Wally_in_Cincy
12-27-2004, 02:05 PM
<blockquote><font class="small">Quote nhp:</font><hr>Yeah, because all liberals are terrorists, and muslims, and none of them believe in Jesus, except for me. Brilliant. <hr /></blockquote>

nhp, please don't take offense, but your post is a bit incoherent. I would be more than happy to argue your point if I knew the meaning.

highsea
12-27-2004, 02:46 PM
<blockquote><font class="small">Quote Wally_in_Cincy:</font><hr>...I would be more than happy to argue your point if I knew the meaning. <hr /></blockquote>
I think he's saying that he is the only liberal muslim terrorist that believes in Jesus. /ccboard/images/graemlins/confused.gif

nhp
12-27-2004, 05:28 PM
Oops sorry I'll be more clear.

Pooltchr said " can only imagine the liberal outcry if it had been the Bible rather than the Quran that had been required reading."

I don't know how YOU interpret this, but my interpretation of Pooltchr's remark was that most liberals are athiests who turn to stone at the sight of the bible/ and the rest of them are terrorists who wish to rid the world of Christianity. So I remembered what Wally does to express sarcasm sometimes, when someone who makes a remark about conservatives in a certain manner, Wally replies with something along the lines of "Yeah because conservatives want people to starve" where you can easily sense the sarcasm. So I decided to follow suit, focusing on what Pooltchr said as an over-exaggeration about liberals and Christianity. So basically, in a nutshell, I was trying to express sarcasm to the notion that some silly conservatives have that all liberals are athiests/terrorists who are on a mission to rid the world of the bible and elect Taliban officials into the government of the United States. At the end of my post, when I said "except for me", this was the toughest part to understand. Believe it or not, "except for me" actually means 'but not including myself', rather than 'but not including myself, with the exception of being a muslim terrorist'. I apologize if you misinterpreted what I said, I can understand how hard it must have been. I now make a solemn oath to never try to make conservatives understand anything again. /ccboard/images/graemlins/wink.gif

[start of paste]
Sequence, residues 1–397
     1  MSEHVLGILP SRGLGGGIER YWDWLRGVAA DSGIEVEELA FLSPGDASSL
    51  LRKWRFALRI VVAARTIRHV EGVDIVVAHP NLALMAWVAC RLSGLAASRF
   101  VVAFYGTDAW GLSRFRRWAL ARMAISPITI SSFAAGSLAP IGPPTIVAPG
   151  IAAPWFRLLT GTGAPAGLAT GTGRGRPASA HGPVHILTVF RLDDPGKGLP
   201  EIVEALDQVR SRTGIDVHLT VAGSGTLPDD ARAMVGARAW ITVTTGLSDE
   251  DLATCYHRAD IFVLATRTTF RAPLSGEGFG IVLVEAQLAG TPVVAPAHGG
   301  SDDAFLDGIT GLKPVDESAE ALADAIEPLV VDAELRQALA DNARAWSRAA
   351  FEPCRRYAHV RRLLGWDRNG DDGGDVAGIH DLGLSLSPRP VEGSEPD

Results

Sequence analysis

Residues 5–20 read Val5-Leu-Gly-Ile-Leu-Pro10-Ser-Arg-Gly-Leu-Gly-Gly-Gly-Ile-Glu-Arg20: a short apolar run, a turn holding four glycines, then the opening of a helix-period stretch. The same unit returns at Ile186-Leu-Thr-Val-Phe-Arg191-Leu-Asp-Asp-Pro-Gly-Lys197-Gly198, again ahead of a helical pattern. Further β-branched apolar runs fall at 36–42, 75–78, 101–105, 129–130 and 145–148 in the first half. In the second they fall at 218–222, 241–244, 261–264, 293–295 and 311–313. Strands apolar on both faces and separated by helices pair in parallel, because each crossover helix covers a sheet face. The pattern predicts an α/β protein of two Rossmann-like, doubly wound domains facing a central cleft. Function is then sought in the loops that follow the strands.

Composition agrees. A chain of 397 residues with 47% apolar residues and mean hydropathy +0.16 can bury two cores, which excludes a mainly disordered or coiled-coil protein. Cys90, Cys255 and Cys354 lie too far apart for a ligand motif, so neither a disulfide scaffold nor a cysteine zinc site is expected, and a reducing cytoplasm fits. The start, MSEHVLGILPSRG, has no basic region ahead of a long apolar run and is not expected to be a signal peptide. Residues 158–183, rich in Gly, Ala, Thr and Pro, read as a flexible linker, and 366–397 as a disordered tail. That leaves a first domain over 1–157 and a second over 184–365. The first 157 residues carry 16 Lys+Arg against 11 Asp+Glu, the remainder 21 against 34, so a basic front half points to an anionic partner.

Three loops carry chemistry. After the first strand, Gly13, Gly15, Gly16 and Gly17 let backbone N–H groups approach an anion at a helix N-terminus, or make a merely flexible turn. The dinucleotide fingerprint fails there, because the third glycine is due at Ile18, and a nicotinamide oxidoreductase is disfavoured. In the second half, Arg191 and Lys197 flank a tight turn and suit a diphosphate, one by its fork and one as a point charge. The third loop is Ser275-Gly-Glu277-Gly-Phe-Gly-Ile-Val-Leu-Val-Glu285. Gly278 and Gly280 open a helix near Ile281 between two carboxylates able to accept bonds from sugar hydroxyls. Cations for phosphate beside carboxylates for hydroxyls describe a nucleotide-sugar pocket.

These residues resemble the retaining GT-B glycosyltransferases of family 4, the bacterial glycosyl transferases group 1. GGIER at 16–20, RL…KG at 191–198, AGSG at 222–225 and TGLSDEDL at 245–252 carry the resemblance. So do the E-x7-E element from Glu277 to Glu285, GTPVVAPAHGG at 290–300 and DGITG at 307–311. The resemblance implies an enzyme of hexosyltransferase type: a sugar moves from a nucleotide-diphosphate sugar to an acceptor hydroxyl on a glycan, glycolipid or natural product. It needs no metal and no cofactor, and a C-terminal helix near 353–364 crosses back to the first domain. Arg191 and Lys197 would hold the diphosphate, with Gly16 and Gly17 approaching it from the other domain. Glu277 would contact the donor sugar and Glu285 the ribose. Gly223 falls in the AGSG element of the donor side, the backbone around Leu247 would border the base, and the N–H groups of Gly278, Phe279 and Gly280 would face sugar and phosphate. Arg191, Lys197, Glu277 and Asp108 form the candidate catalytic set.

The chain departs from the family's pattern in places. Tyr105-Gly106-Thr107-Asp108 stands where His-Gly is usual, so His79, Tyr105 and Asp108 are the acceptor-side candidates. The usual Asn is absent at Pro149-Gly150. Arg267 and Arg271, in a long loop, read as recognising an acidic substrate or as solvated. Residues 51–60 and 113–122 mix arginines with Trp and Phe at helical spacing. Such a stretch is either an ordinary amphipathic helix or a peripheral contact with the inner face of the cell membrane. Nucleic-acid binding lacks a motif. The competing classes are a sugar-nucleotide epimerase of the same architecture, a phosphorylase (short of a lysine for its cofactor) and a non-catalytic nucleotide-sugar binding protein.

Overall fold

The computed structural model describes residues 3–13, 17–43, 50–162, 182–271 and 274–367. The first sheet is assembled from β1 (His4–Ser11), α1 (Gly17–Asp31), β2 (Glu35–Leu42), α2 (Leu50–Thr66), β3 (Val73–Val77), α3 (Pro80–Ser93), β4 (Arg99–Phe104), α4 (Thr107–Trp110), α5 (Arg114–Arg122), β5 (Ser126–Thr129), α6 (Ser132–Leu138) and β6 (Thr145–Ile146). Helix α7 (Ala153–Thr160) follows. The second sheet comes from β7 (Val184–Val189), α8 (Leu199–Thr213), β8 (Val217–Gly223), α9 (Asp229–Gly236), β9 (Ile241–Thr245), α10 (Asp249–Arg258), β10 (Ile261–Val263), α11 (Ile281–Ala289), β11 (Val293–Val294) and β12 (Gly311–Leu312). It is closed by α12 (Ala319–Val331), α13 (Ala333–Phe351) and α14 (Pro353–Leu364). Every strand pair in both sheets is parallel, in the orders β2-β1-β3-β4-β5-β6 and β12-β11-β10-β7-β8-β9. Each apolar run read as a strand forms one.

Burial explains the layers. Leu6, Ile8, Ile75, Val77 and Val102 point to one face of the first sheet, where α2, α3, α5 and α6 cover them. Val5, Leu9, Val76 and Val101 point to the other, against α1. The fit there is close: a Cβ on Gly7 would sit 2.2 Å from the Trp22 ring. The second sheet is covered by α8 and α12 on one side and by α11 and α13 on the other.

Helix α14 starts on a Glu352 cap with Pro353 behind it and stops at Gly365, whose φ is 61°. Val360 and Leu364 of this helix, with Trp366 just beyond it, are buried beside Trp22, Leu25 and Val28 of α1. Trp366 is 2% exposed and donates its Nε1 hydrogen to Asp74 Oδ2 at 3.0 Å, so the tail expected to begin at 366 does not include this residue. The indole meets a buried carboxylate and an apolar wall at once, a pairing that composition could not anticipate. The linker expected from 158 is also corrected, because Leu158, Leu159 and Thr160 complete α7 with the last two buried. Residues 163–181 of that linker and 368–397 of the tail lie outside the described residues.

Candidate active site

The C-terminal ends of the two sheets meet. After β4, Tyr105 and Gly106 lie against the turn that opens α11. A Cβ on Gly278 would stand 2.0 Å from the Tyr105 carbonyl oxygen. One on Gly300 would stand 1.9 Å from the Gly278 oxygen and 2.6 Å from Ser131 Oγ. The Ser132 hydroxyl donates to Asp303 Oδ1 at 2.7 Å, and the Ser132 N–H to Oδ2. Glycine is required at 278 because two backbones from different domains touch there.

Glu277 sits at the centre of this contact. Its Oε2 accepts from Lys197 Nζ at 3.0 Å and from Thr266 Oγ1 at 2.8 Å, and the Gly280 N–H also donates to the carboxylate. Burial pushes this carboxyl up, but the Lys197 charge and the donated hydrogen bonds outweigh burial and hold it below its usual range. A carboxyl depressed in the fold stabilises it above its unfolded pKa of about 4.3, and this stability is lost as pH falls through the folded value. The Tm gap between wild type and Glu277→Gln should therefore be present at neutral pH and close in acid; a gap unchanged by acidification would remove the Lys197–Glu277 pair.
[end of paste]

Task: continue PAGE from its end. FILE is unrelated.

pooltchr
12-27-2004, 07:52 PM
<blockquote><font class="small">Quote nhp:</font><hr> my interpretation of Pooltchr's remark was that most liberals are athiests who turn to stone at the sight of the bible/ and the rest of them are terrorists who wish to rid the world of Christianity. <hr /></blockquote>

If you have read any of my posts, you know better than that. Even ROSS knows better than that! /ccboard/images/graemlins/grin.gif

The comment was made because we have seen some of the activities of extreme liberal groups (The ACLU comes to mind here) that scream bloody murder if someone wants to put a nativity scene in a public place, offer a prayer before a high school ball game, or mention creationism as an alternative to evolution in the public schools. Why aren't they the ones jumping up and down about forcing students at UNC to read a religeous book????????????

That was my only point. I didn't say liberals are terrorists or athiests. Just wondering why the double standard? It's ok to require reading of one religeous book, but not ok to even bring up another one. I don't get it!
Steve

SnakebyteXX
12-27-2004, 10:42 PM
[ QUOTE ]
Why aren't they the ones jumping up and down about forcing students at UNC to read a religeous book???????????? <hr /></blockquote>

Pooltchr,

I didn't get that they were trying to get the students to read the Quran - only a book about the Quran. Maybe I'm splitting hairs here but it seems to me that there would also be an important academic difference between asking students to read a book about the Bible and actually requiring them to read the Bible itself. In both cases the latter might be considered to be of a religious nature while the former might not.


[ QUOTE ]
Kris Wampler, who recently publicly identified himself as one of the students who sued the University of North Carolina. Now a junior, he objected when all incoming students were assigned to read a book about the Quran before they got to campus.
<hr /></blockquote>

nhp
12-27-2004, 10:54 PM
Sorry. In all honesty, I tend to take things a little too serious sometimes, in case you haven't noticed before.

nhp
12-27-2004, 10:58 PM
Oh, and highsea, Wally, Eg8r, etc, even though I get a little heated sometimes, you all know that I think you guys are some cool dudes. /ccboard/images/graemlins/grin.gif

pooltchr
12-28-2004, 05:29 AM
Snake,
I may have missed the word about in the story, and although I agree that is somewhat less severe, the principle remains. I would still bet if students were required to read a book ABOUT the bible, there would still be quite a stink raised.
Steve

Wally_in_Cincy
12-28-2004, 06:51 AM
<blockquote><font class="small">Quote nhp:</font><hr>
...my interpretation of Pooltchr's remark was that most liberals are athiests who turn to stone at the sight of the bible...
<hr /></blockquote>